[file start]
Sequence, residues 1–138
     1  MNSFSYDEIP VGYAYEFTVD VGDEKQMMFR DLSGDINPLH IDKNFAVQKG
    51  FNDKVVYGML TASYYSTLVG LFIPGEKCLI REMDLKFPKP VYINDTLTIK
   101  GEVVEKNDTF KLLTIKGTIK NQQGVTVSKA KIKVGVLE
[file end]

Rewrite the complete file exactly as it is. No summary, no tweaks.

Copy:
Sequence, residues 1–138
     1  MNSFSYDEIP VGYAYEFTVD VGDEKQMMFR DLSGDINPLH IDKNFAVQKG
    51  FNDKVVYGML TASYYSTLVG LFIPGEKCLI REMDLKFPKP VYINDTLTIK
   101  GEVVEKNDTF KLLTIKGTIK NQQGVTVSKA KIKVGVLE